Specialist treatment for gum disease affecting teeth and dental implants

Understanding the importance of gum health

Gum disease affects many aspects of our life but is often overlooked as it has few symptoms in its early stages – that’s why it is often called ‘the silent disease’.

The vital thing about gum disease is that it is highly preventable and, especially in the early stages, quite easily treatable. Many studies link oral health to a number of significant conditions.  There is strong evidence of the links between diabetes and gum disease.  For Alzheimer’s and cardio health the role of gum disease is less clear. More than 45% of adults in the UK are affected by gum disease and, even at its most mild level, it can affect your quality of life.

Gum disease can affect dental implants as much as natural teeth. If you have any concerns about your dentition, speak to us and we will be happy to work with your dentist in managing your case.

Saving Your Natural Tooth

Specialist Endodontic Treatment

Nothing looks, feels or functions like your natural teeth, and endodontists are the experts in saving teeth. Keep smiling and eating the foods you love with endodontic treatment that can relieve your pain and save your teeth.

Sometimes your teeth may have infection or disease and will need additional care. When possible, you should always consider treatments to save your teeth. You may think, why not have a tooth pulled, especially if no one can see it, but you will know your tooth is missing and it will negatively impact your quality of life.

Don’t get a tooth pulled because you think its easier or more cost-effective. Missing teeth can cause other teeth to shift, affect your ability to properly chew and ruin your smile. Tooth extraction often is more painful than the infection itself, and replacing an extracted tooth with an artificial one requires additional dental visits that can quickly add up.

Modern endodontics offers advancements in technologies, procedures and materials, giving you many treatment options to save your natural teeth. It’s important to understand your choices and how they’ll impact both your tooth and your future dental health. It’s always best to retain your natural teeth whenever possible and endodontic treatment should be your first choice for the best health and cosmetic results. Endodontists are specialists in saving teeth. They can evaluate your condition and provide the best treatment plan to help you save your teeth for a lifetime.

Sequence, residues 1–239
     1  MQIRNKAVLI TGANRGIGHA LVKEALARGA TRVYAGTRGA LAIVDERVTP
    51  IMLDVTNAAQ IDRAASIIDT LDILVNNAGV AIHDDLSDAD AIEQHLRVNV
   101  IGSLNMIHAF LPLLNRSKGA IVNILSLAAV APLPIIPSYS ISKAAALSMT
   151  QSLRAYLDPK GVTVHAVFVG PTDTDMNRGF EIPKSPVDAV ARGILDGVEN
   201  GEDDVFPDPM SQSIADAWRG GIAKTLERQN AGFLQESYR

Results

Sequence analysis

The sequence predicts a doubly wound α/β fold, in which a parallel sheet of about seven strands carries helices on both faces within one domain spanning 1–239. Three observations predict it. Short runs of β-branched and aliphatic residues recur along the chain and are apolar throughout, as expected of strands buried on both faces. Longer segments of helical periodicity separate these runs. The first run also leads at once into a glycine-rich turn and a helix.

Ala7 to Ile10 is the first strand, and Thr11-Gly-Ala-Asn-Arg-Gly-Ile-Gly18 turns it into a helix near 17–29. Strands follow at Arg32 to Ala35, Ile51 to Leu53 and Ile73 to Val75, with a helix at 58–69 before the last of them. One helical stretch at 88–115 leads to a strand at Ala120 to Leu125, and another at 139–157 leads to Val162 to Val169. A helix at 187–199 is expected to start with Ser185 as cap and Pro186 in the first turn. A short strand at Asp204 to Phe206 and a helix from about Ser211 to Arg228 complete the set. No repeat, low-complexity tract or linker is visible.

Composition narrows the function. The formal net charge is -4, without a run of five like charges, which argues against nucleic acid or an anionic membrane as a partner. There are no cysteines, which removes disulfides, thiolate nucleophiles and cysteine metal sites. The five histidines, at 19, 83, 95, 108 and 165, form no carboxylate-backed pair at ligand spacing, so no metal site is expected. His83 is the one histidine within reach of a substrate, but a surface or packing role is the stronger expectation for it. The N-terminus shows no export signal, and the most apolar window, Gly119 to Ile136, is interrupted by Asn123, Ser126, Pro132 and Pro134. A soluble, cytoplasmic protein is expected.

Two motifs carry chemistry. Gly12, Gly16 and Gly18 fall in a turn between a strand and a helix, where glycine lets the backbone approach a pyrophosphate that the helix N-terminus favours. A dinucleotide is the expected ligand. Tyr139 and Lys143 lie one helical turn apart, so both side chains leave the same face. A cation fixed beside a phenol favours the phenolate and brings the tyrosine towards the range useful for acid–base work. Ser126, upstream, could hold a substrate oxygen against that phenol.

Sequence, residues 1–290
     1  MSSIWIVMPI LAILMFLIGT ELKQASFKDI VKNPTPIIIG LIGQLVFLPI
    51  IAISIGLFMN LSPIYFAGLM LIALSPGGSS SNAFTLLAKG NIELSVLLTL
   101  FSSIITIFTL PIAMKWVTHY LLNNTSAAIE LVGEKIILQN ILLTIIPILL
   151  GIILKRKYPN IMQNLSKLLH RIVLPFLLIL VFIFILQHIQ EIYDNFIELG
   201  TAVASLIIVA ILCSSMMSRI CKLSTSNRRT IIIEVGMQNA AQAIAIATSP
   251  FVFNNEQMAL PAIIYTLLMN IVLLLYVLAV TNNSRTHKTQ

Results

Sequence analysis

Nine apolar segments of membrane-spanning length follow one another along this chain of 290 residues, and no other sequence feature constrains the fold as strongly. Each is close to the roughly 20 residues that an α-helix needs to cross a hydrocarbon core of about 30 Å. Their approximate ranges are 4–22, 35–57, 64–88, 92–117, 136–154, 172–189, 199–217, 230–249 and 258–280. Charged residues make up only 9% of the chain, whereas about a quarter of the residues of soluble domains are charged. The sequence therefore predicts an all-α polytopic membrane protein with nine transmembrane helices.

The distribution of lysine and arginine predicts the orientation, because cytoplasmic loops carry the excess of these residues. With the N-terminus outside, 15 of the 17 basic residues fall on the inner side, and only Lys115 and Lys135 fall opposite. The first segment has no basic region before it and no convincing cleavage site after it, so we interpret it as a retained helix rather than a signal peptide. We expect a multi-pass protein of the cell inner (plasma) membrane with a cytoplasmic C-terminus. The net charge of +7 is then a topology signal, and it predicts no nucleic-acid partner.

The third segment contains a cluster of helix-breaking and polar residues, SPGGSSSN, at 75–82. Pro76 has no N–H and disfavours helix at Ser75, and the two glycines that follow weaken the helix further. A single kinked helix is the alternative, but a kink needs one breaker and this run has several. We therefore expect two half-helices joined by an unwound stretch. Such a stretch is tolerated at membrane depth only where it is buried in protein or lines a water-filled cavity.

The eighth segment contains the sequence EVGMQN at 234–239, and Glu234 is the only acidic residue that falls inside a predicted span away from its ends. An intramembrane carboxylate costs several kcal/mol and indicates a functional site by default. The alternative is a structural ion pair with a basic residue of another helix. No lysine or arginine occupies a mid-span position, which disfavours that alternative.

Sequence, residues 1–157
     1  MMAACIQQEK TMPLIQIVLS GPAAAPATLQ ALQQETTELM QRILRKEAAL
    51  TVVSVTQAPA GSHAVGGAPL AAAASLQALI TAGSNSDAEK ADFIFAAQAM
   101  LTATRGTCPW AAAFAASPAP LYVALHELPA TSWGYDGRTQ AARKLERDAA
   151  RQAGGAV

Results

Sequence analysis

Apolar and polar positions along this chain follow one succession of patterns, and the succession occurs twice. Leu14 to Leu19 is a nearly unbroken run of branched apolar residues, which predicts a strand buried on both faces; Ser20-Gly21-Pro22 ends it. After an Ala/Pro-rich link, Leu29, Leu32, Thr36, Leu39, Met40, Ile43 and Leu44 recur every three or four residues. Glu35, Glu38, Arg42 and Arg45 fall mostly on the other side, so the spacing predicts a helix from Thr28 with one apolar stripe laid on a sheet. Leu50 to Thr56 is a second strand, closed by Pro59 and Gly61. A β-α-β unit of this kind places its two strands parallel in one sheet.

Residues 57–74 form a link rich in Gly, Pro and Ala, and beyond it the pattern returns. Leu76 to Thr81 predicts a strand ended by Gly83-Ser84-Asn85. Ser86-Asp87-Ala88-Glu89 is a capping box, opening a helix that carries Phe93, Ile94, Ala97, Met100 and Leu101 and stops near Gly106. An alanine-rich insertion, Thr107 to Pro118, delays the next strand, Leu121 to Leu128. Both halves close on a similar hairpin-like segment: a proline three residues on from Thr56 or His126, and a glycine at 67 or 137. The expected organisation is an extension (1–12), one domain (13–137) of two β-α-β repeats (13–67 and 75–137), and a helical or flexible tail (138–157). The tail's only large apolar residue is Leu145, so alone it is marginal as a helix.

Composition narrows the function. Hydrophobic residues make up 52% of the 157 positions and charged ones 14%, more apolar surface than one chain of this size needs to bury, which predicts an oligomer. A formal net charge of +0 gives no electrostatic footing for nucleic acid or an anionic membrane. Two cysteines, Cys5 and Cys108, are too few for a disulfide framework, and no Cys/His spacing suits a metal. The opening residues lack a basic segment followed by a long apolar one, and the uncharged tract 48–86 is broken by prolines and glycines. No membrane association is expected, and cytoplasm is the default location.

Here are some tips for saving your teeth:

  • When given a choice between tooth extraction and root canal treatment, always opt for a root canal. No denture, bridge or implant will look, feel and function as well as a natural tooth.
  • Act immediately when you experience symptoms of swelling or pain. Most endodontists can accommodate emergency cases, even on weekends, ensuring you’ll be seen quickly.
  • If your dentist recommends tooth extraction, ask whether the root canal is an option.If you’re told root canal is not an option, ask why and request a referral to an endodontist.

Root canal treatment from an endodontist is virtually painless and often leaves you with less discomfort during recovery than if you have your natural tooth extracted. Thanks to modern techniques and effective anesthesia, patients who experience root canals are six times more likely to describe it as painless than patients who have a tooth extracted! Take the time to learn more about root canal treatment and some of the common misconceptions about it and then take the first step to a pain-free, healthy mouth by visiting an endodontist.

How does endodontic treatment save the tooth?

It’s necessary to have endodontic or root canal treatment when the inside of your tooth (the pulp) becomes inflamed or infected as a result of deep decay, repeated dental procedures, faulty crowns or a crack or chip in the tooth. Trauma to your tooth may also cause pulp damage even if the tooth has no visible chips or cracks. If pulp inflammation or infection is left untreated, it can cause pain or lead to an abscess.

When you undergo a root canal or other endodontic treatment, the inflamed or infected pulp is removed and the inside of the tooth is carefully cleaned and disinfected, then filled and sealed with a rubber-like material called gutta-percha. Afterward, the tooth is restored with a crown or filling for protection and will continue to function like any other tooth.